George Washington Papers
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From George Washington to Jean-Baptiste Donatien de Vimeur, comte de Rochambeau, 10 May 1783

Head Qrs Newburgh 10th May 1783

It must, my dear Count, have been a pleasing event to you, to have landed on your native shore, crowned with Laurels after a perilous passage and the hazard of being taken—and to have received as I am perswaded you must have done the Smiles of a wise & generous Prince. On these happy events I sincerely congratulate you.

To the generous aids of your Nation, & the bravery of its Sons, is to be ascribed in a very great degree that Independence for which we have fought, and after a severe conflict of more than Seven years, have obtained. The first wish of my heart is to pay the tribute of respect to a Country to which, from Public and private considerations, I feel myself bound by the most Affectionate Ties. but whether circumstances will place it in my power to gratify these wishes is beyond my present ken—To meet you in France would be one of my greatest Inducements to go thither.

Since the ratification of the Preliminary Articles, every thing in this Country has assumed an appearance of tranquillity—The British Forces however, still continue in New York; nor am I able at this moment, to fix any epoch for their departure—General Carleton with whom I have had a conference on this business (at Dobbs’s Ferry) says, that every exertion is making on his part for this purpose, and that he has already sent off for Hallefax & other parts of Nova Scotia, at least 6000 Refugees or Loyalists—and that it is his wish to withdraw his Troops from the United States as soon as possible, as the expence of keeping them there is considerable. In the mean time we are looking anxiously for the definitive Treaty wch alone can give perfect satisfaction, by removing doubts, difficulties & delays. My best wishes will ever attend you—with great consideration & respect I am Sir Yr Most Obedt and Most Hble Servt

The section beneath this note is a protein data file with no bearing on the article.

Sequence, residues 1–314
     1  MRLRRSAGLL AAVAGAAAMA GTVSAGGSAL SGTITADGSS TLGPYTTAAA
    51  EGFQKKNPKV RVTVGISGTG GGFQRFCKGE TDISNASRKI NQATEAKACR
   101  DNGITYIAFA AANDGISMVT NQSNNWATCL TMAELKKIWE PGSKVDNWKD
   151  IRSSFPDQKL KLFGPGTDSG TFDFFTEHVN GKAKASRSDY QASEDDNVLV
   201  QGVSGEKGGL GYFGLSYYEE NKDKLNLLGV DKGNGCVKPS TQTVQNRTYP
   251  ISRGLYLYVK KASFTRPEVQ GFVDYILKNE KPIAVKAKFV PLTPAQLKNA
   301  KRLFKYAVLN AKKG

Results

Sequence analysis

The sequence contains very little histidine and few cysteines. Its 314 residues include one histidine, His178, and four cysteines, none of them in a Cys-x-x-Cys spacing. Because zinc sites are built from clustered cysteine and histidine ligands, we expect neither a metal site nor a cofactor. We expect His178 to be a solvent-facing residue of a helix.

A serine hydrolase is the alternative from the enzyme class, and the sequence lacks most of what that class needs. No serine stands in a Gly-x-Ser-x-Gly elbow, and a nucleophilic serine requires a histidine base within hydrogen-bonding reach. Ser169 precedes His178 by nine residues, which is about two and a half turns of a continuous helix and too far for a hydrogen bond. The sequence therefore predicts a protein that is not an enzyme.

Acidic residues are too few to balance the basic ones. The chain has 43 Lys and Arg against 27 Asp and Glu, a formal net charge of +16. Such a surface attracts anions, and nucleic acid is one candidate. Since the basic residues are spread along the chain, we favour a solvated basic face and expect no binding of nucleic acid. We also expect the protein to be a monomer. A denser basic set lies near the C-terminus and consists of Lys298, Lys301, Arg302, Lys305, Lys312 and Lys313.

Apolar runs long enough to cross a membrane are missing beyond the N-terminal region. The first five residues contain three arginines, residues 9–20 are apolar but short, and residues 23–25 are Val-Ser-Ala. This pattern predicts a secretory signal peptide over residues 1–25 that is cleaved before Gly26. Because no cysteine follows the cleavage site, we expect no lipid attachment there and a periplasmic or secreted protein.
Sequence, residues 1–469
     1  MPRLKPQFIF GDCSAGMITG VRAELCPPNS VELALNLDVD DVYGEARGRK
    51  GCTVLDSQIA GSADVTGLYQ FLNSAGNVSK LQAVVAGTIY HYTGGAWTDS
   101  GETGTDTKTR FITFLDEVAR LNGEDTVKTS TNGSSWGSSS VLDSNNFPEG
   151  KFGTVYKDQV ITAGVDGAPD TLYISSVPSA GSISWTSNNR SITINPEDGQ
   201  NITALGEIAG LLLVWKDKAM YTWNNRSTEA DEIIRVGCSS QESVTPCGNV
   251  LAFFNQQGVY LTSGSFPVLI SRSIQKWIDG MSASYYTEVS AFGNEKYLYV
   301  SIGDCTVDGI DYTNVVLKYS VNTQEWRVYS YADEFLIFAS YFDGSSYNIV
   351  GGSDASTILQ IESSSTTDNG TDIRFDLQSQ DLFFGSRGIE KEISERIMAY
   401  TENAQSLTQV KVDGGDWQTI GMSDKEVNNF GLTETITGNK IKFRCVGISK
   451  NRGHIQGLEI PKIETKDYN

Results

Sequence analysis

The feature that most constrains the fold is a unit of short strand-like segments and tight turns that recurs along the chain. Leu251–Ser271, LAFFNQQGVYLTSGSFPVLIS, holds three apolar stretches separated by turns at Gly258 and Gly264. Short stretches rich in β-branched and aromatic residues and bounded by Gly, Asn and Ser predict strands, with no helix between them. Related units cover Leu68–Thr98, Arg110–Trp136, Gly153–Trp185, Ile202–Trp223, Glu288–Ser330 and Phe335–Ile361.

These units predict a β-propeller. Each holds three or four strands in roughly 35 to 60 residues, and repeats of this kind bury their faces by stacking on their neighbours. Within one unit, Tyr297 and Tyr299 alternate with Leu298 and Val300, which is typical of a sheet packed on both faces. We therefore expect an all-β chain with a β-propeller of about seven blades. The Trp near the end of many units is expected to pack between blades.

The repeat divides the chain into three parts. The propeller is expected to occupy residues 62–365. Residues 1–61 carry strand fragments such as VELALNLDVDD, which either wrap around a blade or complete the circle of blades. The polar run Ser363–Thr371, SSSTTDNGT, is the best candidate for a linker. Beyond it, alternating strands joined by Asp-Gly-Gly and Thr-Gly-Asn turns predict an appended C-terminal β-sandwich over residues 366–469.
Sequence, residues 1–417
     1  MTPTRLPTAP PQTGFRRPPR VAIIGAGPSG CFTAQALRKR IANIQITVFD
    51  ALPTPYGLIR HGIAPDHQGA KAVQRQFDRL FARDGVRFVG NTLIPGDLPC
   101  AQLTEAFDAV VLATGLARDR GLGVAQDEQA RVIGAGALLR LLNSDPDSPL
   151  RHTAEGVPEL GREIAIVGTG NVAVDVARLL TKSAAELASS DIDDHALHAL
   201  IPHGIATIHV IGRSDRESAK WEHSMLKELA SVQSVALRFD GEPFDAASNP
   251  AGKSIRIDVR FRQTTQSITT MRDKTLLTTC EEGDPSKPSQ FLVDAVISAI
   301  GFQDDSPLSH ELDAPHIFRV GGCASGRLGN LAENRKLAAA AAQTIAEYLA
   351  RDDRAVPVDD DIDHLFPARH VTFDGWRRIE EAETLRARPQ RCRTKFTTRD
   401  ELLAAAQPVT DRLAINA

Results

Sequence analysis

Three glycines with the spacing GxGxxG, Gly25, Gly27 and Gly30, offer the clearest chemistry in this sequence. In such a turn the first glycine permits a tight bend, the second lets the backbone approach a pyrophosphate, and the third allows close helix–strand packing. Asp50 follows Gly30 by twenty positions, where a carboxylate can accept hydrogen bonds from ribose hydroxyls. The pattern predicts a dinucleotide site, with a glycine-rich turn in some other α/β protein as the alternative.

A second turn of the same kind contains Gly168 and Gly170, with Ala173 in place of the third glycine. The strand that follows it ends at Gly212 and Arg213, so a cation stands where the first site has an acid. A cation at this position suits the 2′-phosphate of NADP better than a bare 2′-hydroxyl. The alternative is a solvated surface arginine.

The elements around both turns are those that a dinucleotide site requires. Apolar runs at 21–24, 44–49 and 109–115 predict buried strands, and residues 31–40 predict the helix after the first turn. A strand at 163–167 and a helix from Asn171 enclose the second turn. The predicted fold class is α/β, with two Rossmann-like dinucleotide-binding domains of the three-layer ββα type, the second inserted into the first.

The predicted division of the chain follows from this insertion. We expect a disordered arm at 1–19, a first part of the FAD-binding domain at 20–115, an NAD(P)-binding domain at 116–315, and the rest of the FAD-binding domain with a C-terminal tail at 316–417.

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DLC: Rochambeau Papers.

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